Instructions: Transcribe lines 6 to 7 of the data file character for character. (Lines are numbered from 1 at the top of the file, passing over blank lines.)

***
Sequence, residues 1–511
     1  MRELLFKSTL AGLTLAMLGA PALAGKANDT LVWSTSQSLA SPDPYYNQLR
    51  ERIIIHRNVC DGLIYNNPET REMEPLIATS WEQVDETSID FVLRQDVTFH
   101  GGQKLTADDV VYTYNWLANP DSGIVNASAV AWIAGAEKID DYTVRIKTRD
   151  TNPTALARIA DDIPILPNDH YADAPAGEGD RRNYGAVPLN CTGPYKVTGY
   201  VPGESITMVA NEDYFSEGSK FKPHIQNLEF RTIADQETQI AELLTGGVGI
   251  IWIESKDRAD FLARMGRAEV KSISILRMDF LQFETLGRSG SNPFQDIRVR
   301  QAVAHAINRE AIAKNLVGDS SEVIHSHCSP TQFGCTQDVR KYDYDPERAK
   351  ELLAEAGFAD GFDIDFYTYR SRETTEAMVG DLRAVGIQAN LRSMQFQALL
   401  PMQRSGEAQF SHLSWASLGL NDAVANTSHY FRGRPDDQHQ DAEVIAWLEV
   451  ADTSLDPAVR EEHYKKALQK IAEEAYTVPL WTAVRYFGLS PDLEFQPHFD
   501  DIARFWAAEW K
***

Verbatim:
   201  VPGESITMVA NEDYFSEGSK FKPHIQNLEF RTIADQETQI AELLTGGVGI
   251  IWIESKDRAD FLARMGRAEV KSISILRMDF LQFETLGRSG SNPFQDIRVR